Strauss Four Last Songs - Strauss' Epitaph

Strauss Four Last Songs - Strauss' Epitaph to himself.

One of the last wishes of the late Richard Strauss was that Kirsten Flagstad should be the soprano to introduce the four songs which he finished in 1948, the year before his death at 85.

”I would like to make it possible," he wrote to her, "that [the songs] should be at your disposal for a world premiere in the course of a concert with a first-class conductor and orchestra." In London last week Composer Strauss's wish was fulfilled to the letter.

With Albert Hall packed for the occasion, great-domed German Conductor Wilhelm Furtwangler stepped to the podium to lead London's Philharmonia Orchestra.

Plump and majestic, Soprano Flagstad took her place near his side, solemnly donned spectacles to read the music. What followed was a moving and deliberate farewell from a composer who, in his earlier years, had turned out the rich and masterful scores of Der Rosenkavalier, Death and Transfiguration, Don Quixote.

Sung as only Flagstad can sing, with her gorgeous, earth-mother quality of sound, Strauss Four Last Songs (Going to Sleep, September, Spring, At Sunset), were echoes of the old composer's most mellow and memorable days.

They spoke of a calm tiredness, deep autumnal peace, affection for his wife. At Sunset ended with a quiet and resigned interrogation: "Is this perhaps death?" As the last soft sounds died in the orchestra, one listening musician said, "What an epitaph to write for oneself!"

For the unveiling of the epitaph, Londoners could thank Sir Sri Jaya Chamaraja Wadiyar Bahudar, the wealthy, 30-year old, Maharaja of Mysore. Though he could not be present, the music-loving maharaja had put up a guarantee for the performance, so that The Four Last Songs could be recorded for his fabulous (now 20,000 records) personal collection and shipped off to him.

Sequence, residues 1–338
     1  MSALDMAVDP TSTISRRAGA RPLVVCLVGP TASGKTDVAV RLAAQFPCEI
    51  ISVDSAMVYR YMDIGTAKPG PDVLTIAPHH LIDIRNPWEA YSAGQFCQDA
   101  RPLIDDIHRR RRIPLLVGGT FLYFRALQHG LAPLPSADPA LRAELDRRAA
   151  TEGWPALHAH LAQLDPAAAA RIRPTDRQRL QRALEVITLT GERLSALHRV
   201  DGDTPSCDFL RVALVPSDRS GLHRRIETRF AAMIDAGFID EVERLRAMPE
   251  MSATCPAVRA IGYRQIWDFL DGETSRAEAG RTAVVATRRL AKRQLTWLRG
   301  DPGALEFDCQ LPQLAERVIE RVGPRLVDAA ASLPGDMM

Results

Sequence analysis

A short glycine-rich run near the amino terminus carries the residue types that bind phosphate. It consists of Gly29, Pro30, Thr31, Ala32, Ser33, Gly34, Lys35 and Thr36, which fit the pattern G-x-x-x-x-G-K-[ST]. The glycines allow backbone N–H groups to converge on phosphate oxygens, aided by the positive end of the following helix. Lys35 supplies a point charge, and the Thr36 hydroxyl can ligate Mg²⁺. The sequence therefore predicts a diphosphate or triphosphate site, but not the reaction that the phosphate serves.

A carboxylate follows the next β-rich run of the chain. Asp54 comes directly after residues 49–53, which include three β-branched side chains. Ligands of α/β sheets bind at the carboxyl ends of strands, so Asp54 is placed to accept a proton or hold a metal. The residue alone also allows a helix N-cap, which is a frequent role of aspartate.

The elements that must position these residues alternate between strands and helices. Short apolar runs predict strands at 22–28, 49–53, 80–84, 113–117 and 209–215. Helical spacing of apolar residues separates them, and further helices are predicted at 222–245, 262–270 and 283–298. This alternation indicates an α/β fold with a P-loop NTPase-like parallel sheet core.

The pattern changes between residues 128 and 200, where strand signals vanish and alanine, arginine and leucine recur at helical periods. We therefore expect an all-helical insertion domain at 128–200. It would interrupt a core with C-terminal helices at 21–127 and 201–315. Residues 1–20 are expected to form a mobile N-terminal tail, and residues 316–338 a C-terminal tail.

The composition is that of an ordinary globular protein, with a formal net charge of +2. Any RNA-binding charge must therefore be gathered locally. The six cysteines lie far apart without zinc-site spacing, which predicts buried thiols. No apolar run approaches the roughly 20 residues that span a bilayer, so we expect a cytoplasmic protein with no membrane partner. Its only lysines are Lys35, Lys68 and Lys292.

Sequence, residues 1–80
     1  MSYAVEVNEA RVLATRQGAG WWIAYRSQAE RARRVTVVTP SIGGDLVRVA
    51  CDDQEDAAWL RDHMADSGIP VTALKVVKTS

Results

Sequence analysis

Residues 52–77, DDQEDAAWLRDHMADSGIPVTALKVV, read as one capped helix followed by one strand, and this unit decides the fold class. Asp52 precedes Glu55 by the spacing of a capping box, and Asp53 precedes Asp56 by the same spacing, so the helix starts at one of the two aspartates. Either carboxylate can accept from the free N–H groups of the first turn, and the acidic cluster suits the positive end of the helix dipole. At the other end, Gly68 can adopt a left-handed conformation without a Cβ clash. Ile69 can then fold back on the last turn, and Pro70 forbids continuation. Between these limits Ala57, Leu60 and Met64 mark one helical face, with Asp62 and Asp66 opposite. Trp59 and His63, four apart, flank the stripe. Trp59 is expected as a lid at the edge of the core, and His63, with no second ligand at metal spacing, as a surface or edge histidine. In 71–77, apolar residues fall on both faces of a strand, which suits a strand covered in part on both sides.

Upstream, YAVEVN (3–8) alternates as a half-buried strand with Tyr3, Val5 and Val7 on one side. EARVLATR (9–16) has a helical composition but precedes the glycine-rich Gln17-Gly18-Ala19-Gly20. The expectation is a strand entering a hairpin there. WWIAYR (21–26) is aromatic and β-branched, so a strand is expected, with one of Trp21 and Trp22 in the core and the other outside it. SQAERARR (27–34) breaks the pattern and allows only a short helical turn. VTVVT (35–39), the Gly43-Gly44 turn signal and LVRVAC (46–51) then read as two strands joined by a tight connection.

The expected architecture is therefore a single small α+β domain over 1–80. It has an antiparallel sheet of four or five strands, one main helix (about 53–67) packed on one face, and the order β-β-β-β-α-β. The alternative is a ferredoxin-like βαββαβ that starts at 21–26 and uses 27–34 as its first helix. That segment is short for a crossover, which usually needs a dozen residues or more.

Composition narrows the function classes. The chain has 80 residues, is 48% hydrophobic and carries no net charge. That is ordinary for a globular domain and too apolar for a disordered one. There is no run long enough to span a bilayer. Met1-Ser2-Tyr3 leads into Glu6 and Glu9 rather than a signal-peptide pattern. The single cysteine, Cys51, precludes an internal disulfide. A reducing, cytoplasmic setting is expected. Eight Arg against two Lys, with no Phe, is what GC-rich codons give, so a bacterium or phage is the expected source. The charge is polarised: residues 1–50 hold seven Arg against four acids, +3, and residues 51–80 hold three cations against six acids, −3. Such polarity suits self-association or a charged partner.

Andrew Clements writes in The Guardian in 2001:

Strauss's Four Last Songs rank among the most haunting music ever written. Until recently, they were seen as constituting the composer's own requiem - a self-conscious farewell to existence, given loving expression by an idealised soprano voice and intended for performance after his death. But it is now accepted that Strauss, envisaging a performance in his lifetime, wrote the songs specifically for the great Wagnerian soprano Kirsten Flagstad.

Flagstad gave the world premiere, with Wilhelm Furtwängler conducting, in London in 1950. The performance survives in sound (Simax) as a record of what was obviously a momentous occasion. Flagstad is in opulent voice, mature, maternal and consoling.

The occasion was not commercially recorded, and all that remains to document the concert is an inadequate and scratchy sound recording - but still - for its historical value it is important

One reviewer, Mr. Culshaw, commented that hearing Flagstad sing these songs was to realize that by comparison all other interpreters sounded like "miniaturists".

Be that as it may, the recording we have can not do justice to what was actually heard in the concert hall.

It does document a concert with two giants of the music scene of that time presenting the world premiere of songs that remain to this day timeless classics.

One reviewer enthusiastically outlines the advantages of a voice like Flagstad's in these songs

"I have 10 recordings of the wonderful four last songs that Richard Strauss and I must say that I rate this record at the very top along with Renee Fleming's 1994 recording.

Jessye Norman's wonderfully exciting recording is also at the top.

I come to this recording again and again when I want to hear the songs mainly because of Flagstad's beautiful singing. I also have her Berlin performance from 1952 where so omitted "Beim Schlafengehen" and she sang a cut "Im Abendroth" (where, strangely, the title was among the sections that was cut).

Her wonderfully beautiful tone is very evident throughout all the songs. She is able to soar above the orchestra as few lyric sopranos can when performing it live.

When hearing Flagstad in this recording you can hear every emotion in every note.

I am a Flagstad nut so my review may be biased but I cannot help myself but to think this way when hearing the greatest voice of the 20th century.

Strauss Four Last Songs

The honor of the first commercial recording of the Four Last Songs fell to
Elisabeth Schwarzkopf - highly recommended.